The relationship between alcohol sales and assault in New South Wales, Australia

Authors

  • Richard J. Stevenson,

  • Bronwyn Lind,

  • Don Weatherburn


Abstract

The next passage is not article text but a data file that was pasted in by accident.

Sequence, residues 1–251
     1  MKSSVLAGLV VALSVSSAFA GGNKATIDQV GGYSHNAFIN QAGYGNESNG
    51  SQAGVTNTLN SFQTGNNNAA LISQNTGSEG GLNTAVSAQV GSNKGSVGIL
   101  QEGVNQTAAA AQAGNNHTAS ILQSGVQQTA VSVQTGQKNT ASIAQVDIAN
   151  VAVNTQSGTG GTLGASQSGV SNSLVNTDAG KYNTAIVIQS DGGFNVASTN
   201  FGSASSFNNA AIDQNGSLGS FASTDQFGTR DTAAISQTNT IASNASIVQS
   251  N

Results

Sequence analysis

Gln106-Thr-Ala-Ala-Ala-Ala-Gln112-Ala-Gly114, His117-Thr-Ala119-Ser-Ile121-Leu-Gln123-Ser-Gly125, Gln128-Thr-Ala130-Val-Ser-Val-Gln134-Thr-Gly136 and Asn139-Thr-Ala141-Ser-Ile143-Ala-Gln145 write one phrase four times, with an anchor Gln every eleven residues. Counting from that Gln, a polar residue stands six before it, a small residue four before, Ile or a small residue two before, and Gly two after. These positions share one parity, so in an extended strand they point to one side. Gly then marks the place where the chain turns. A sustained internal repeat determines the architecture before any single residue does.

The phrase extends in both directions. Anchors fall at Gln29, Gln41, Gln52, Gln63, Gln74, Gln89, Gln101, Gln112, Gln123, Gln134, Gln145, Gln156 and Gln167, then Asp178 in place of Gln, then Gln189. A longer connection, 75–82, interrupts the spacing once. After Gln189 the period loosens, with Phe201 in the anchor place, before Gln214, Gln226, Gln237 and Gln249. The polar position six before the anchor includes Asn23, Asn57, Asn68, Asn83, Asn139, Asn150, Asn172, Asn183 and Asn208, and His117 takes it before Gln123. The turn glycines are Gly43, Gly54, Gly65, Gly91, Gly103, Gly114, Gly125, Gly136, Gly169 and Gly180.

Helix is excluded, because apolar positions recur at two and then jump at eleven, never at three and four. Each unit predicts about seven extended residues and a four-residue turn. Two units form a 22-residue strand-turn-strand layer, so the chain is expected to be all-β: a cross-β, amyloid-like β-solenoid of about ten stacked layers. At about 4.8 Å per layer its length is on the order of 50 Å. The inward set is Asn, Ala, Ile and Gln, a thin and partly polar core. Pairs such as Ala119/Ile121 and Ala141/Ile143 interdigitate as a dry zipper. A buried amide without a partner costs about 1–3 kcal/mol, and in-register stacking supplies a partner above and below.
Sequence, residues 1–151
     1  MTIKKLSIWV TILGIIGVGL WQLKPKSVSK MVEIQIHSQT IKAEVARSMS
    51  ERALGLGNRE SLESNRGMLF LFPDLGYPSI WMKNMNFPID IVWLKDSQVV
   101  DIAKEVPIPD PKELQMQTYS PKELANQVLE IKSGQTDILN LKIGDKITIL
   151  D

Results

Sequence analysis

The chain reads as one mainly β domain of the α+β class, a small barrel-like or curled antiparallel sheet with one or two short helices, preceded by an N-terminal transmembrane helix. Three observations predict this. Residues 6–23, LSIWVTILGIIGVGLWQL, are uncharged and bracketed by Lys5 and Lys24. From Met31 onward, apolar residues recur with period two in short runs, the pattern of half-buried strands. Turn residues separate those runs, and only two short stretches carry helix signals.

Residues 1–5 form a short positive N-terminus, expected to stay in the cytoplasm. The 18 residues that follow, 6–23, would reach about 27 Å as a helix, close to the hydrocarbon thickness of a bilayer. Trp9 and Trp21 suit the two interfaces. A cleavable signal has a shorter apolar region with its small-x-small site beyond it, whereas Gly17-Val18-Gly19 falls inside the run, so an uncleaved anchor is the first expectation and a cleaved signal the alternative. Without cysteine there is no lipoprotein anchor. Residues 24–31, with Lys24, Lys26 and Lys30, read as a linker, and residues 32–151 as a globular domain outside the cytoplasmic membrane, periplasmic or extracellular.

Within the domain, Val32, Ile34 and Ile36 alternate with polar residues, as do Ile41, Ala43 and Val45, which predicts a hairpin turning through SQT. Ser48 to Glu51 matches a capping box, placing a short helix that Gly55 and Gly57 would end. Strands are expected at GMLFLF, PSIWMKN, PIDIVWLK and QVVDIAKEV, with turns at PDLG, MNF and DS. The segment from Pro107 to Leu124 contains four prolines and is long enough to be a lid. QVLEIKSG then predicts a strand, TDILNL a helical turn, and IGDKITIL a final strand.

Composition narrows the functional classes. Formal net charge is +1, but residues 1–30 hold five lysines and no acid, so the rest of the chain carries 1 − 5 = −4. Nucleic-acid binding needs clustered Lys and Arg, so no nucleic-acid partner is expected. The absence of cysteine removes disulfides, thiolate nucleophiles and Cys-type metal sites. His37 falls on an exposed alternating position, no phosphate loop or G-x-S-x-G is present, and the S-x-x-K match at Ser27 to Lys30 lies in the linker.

Aims. This paper explores the relationship between alcohol sales and assault in New South Wales (NSW), Australia. Design. The design was a cross-sectional analysis of the relationship between alcohol sales and assault, taking into account spatial autocorrelation. Setting. The analyses were carried out separately on data from metropolitan Sydney and country NSW. Participants. The unit of analysis was local government areas (178 in NSW). Measurements. The dependent variable was assault rates. The independent variables were overall alcohol sales and sales disaggregated by alcohol and outlet type and relevant demographic and socio-economic factors. Findings. Multiple regression analyses revealed a significant relationship between overall alcohol sales in an area and its incidence of assault for both Sydney and country NSW. There were few effects of outlet or alcohol type for Sydney, but the effect of alcohol sales from hotels and off-licences accounted for most of the alcohol-assault relationship for country NSW. Conclusions. Although the current research cannot exclude an opportunity account of the role of alcohol in assault, the results are entirely consistent with alcohol consumption as a causal agent.

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